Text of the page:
MSM is an organosulfur compound, extensively used in alternative therapies, under an extensive range of names (dimethyl sulfone, sulfonylbismethane, dimethyl sulfoxide, etc). Before its clinical use was used as a solvent, as it was its compound of origin, the much better known in the chemical industry dimethyl sulfoxide (DMSO).
In the late 70s was patented its use for smoothing of skin, strengthen nails or blood diluent, although in only a few years its uses had extended well beyond: stress management, pain reliever, energy and metabolism activator, improve blood flow or improve wound healing, with potential role in arthritis and inflammatory disorders, among them, exercise induced inflammation.
Oxidative stress and muscle pain always appear with exercise at a certain level. Many runners report tiredness and pain as the main reasons to change, or even interrupt their training plans, with the subsequent effect on the training planned in advance. MSM has been studied extensively, because of its high absorbancy and absence of secondary effects.
In one ot these studies (Withee et al 2017) they took a runners group compiting in a half marathon. Blood was collected and surveys about levels of tiredness carried out, one month before the race, and after completion (15 and 90 minutes, and also after 1 and 2 days). Among the factors studied were several oxidative stress markers, and also muscle damage, and muscle and Joint pain. Runners were separated in two groups, one taking placebo (rice flour), and the other one MSM (at a dosage of 3g/day) from 3 weeks befote the race until 2 after it. It was found that MSM supplementation attenuated muscular and Joint pain, although it didn´t change oxidative stress markers or the muscle damage that the race caused. Nevertheless, the authors pointed out the limitations of their study, because most of the participants were female, and it didn´t take into account the diet, training levels or goals of the participants.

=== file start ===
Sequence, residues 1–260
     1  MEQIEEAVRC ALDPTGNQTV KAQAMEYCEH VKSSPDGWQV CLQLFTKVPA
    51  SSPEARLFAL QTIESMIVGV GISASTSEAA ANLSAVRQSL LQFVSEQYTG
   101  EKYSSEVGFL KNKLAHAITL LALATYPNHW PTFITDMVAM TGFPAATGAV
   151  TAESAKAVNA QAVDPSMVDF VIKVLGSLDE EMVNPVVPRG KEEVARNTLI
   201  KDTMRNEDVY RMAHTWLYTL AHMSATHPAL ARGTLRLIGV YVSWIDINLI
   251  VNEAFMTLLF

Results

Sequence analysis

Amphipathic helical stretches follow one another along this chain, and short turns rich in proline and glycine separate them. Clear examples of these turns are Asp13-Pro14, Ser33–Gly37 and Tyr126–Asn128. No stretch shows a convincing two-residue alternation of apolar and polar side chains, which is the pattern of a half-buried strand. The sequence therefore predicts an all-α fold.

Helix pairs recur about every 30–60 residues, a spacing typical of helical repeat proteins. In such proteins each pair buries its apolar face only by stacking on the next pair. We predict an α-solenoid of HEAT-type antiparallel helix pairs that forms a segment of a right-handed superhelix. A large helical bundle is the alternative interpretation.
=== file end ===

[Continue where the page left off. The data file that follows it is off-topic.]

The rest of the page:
In other of the studies (Nakhostin-Roohi et al 2011) MSM supplementation took place in untrained individuals for 10 days. Afterwards they had to run 14 km, and measurements of oxidative markers realised in plasma samples. It was found that the individuals that had taken MSM (dosage of 50mg/kg/day) had lower levels of oxidative markers when compared to the runners that had only taken placebo.
To conclude we can say that MSM has an extensive potential as micronutrient in the physical performance area, because of its lack of secondary effects and absorption facility. Its improvement of inflammation and pain could be useful in training and competition. It would also make a good ally in the physical recovery alter injuries, because of its capacity for improving blood flow to affected tissues. On top of everything else, it has been pointed to an improvement of the energy levels available.
Maybe the supplement to rule them all? More studies will be needed to determine this point.
“Effect of chronic supplementation with methylsulfonylmethane on oxidative stress following acute exercise in untrained healthy men”. Nakhostin-Roohi B, Barmaki S, Khoshkhahesh F and Bohlooli S. J Pharm Pharmacol. 2011 Oct;63(10):1290-4
“Effects of Methylsulfonylmethane (MSM) on exercise-induced oxidative stress, muscle damage, and pain following a halfmarathon: a double-blind, randomized, placebo-controlled trial”. Withee ED, Tippens KM, Dehen R, Tibbitts D, Hanes D and Zwickey H. Journal of the International Society of Sports Nutrition (2017) 14:24
“Methylsulfonylmethane: Applications and Safety of a Novel Dietary Supplement”. Butawan M, Benjamin RL and Bloomer RJ. Nutrients 2017, 9, 290